This essay was written ten years after the author's Illness as Metaphor (see this database). Sontag begins by explaining the stimulus for her earlier essay: her own experience as a cancer patient. During that time, she discovered that cultural myths about cancer tended to isolate and estrange cancer patients. They suffered needlessly because of "meaning" attributed to their illness by society. A decade later, Sontag observes that attitudes about cancer have become more open and truthful. However, a new illness (AIDS) has arisen to carry forward the metaphorical banner.

AIDS brings together two powerful metaphors about illness. First, AIDS develops further the theme (seen earlier in cancer) of disease as invader: the enemy invades and destroys you from within. Thus, AIDS strengthens the use of military metaphors in medicine. The war against cancer is reincarnated as a war against AIDS. Secondly, because AIDS is a sexually transmitted disease, it also evokes the theme of plague-as-punishment.

Sontag's project in this essay is more focused than in the earlier book. She acknowledges that the medical and public health response to AIDS explicitly counters these myths. She concludes that "not all metaphors applied to illnesses and their treatment are equally unsavory and distorting" (p. 94). The metaphor she is most anxious to see eliminated is the military metaphor, both on an illness level (illness invades the person) and a societal level (social problems invade society).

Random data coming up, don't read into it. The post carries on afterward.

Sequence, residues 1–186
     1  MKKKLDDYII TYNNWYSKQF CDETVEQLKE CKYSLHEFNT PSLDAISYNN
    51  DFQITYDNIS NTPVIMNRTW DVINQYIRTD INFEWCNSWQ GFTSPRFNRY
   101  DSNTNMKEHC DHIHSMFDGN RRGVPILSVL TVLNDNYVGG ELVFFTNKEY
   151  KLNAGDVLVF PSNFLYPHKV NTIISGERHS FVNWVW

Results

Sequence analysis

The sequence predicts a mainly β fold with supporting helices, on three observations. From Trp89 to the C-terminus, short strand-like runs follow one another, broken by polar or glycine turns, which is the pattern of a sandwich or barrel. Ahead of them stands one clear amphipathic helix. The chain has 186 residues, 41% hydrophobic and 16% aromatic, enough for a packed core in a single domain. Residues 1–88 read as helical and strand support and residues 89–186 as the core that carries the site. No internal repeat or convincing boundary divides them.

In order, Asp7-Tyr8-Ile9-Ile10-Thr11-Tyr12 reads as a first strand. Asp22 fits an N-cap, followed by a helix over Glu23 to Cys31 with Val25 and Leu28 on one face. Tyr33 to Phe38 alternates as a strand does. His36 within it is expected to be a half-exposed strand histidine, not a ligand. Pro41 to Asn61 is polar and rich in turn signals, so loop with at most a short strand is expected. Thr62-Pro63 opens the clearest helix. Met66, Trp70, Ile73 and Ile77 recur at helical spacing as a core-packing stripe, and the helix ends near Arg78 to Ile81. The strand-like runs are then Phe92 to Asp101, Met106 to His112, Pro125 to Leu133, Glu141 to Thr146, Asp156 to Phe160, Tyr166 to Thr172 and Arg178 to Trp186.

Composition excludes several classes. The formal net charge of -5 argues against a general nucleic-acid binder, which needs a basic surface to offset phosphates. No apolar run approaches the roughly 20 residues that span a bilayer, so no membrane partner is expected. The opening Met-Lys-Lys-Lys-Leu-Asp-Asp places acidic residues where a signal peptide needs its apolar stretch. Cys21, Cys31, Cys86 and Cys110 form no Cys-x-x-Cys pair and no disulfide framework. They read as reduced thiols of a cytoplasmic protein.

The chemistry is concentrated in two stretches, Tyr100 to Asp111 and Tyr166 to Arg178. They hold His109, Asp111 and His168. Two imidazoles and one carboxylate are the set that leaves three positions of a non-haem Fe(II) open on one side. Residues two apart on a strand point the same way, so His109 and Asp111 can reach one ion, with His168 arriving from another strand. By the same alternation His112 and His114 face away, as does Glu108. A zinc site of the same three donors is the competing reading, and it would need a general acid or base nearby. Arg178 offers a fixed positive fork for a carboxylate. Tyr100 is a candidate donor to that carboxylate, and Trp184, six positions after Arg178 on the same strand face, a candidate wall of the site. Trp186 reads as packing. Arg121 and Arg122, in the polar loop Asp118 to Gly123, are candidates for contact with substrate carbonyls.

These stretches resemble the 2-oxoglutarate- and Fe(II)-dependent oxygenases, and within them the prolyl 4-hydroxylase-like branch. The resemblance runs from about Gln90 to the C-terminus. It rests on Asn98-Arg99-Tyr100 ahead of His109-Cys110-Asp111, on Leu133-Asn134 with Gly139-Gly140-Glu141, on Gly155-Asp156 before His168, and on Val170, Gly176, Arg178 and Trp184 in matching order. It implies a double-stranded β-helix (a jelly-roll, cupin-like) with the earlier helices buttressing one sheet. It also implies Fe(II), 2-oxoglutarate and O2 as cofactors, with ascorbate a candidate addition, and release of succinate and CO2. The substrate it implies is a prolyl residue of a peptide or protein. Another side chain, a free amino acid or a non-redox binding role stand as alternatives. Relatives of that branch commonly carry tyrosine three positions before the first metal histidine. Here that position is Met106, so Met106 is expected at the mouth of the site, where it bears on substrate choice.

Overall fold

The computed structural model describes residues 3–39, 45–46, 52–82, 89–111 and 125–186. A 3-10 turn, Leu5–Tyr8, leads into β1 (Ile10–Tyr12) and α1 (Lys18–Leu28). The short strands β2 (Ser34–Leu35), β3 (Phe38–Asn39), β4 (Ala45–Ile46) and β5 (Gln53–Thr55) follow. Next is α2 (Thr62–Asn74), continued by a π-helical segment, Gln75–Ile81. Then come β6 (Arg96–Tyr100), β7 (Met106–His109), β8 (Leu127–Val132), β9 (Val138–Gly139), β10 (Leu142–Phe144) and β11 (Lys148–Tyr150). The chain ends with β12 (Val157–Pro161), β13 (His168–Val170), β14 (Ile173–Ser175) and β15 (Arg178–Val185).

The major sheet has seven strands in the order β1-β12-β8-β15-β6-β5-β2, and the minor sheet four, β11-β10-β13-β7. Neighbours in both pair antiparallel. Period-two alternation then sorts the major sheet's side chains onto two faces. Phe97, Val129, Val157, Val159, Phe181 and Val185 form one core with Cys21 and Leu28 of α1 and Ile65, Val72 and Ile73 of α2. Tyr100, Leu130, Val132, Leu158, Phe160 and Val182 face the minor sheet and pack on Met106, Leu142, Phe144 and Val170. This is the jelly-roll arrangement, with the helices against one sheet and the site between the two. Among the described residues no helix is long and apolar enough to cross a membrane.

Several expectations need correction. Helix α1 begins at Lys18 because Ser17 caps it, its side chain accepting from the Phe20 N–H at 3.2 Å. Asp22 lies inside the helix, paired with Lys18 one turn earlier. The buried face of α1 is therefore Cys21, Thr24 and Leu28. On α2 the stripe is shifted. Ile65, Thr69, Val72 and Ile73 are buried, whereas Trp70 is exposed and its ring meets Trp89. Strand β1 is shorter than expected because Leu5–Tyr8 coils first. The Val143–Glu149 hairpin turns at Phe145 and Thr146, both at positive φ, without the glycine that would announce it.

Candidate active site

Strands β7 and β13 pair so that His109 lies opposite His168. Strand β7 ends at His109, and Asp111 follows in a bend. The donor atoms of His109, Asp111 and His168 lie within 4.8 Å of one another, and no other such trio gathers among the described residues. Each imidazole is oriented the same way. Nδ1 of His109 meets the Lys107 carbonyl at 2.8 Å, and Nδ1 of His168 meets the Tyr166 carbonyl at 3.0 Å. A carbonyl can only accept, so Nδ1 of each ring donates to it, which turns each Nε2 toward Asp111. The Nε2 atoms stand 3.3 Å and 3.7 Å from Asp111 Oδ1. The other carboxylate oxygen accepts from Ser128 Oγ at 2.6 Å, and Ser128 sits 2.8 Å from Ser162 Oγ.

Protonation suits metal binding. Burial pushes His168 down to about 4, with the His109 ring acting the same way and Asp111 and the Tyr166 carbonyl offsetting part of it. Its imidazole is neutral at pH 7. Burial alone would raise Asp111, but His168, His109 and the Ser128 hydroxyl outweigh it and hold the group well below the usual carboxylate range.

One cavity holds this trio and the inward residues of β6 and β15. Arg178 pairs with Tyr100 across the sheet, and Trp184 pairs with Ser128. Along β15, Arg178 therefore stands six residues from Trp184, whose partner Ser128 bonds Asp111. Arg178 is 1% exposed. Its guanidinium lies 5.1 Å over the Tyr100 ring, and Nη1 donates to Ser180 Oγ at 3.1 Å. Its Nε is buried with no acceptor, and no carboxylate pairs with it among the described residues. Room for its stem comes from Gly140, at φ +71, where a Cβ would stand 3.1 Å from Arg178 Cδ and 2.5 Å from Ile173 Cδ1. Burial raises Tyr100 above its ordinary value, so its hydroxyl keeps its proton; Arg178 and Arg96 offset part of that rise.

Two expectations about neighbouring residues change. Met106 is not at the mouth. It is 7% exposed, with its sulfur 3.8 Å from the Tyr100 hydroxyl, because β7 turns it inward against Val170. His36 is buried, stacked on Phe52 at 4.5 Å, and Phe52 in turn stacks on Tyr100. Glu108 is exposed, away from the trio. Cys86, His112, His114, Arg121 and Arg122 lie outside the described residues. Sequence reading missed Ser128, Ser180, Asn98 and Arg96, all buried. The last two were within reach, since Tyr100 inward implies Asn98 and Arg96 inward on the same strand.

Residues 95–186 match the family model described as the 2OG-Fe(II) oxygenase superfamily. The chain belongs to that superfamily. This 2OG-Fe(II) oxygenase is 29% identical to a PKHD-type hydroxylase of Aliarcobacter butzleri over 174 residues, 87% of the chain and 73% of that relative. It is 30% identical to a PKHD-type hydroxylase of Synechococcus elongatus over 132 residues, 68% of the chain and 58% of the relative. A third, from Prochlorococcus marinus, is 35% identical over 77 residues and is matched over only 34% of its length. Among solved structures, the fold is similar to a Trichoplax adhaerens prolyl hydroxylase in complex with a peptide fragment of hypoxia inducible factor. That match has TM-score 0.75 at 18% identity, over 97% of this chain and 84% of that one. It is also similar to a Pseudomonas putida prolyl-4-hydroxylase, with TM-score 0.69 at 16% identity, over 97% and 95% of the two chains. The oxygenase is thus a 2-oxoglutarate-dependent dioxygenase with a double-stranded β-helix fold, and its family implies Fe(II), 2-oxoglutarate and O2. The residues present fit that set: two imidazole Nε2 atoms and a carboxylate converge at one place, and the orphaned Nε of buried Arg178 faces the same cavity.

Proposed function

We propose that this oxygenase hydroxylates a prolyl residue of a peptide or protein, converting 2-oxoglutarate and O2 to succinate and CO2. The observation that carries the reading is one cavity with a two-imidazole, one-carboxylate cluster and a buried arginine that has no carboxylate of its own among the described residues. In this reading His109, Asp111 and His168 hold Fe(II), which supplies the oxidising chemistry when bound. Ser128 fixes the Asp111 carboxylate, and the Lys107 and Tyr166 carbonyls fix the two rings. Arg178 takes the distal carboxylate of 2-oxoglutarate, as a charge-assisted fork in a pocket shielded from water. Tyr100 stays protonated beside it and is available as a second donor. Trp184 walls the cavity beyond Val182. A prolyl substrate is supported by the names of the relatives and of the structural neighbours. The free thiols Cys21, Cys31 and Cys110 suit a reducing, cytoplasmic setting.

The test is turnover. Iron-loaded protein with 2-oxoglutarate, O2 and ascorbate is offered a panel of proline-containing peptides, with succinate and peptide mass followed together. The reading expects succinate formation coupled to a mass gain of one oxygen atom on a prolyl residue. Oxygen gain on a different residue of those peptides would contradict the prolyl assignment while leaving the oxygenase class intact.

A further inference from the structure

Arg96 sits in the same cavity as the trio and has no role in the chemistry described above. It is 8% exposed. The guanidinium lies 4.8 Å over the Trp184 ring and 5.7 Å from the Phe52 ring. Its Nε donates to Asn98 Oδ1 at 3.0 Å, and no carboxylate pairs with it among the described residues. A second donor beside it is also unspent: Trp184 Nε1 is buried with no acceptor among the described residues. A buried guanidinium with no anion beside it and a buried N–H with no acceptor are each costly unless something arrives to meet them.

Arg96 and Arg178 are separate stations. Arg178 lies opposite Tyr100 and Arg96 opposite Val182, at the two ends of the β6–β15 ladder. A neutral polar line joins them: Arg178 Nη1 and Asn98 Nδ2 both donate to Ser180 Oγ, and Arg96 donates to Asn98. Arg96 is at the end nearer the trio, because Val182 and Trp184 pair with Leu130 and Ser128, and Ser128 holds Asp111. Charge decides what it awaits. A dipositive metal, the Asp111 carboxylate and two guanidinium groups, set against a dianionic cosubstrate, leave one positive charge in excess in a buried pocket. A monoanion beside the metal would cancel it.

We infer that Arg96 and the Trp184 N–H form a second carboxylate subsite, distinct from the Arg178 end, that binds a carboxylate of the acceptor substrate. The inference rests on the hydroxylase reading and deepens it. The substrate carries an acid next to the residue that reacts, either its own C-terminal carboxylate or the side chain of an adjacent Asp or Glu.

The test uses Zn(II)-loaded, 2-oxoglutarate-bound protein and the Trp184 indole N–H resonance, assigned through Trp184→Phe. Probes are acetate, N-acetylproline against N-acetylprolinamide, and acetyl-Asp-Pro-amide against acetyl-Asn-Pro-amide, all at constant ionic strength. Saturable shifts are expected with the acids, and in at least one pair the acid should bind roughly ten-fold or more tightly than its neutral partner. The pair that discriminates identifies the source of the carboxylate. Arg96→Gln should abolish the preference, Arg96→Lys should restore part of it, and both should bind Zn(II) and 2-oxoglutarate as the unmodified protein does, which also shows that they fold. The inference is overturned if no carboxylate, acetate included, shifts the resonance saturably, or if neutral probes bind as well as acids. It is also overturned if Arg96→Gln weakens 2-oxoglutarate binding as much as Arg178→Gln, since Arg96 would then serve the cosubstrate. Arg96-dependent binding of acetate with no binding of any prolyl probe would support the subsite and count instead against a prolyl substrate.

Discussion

This essay is considerably less shrill and polemical than Illness as Metaphor. The author brings her own story (albeit only briefly) into the picture. The tone is more balanced as she discusses the themes of plague, invasion, and retribution surrounding AIDS.

There is still some confusion between justified interpretation of facts and unwarranted prejudice or metaphor. Much of this may be accounted for, however, by the advance in knowledge about HIV virus since the essay was written in 1988. For example, the "out of Africa" scenario about the origin of HIV virus is a well-supported hypothesis, not simply a Western bias. Likewise, Sontag's assertion that AIDS is unlikely to be a new disease (p. 71) is unsupported.

Perhaps because the medical and public health response to AIDS has explicitly avoided metaphor and has worked toward dispelling societal myths, Sontag writes more evenhandedly about AIDS and its metaphors. Her focus is narrower than in the earlier essay.


Farrar, Straus & Giroux

Place Published

New York



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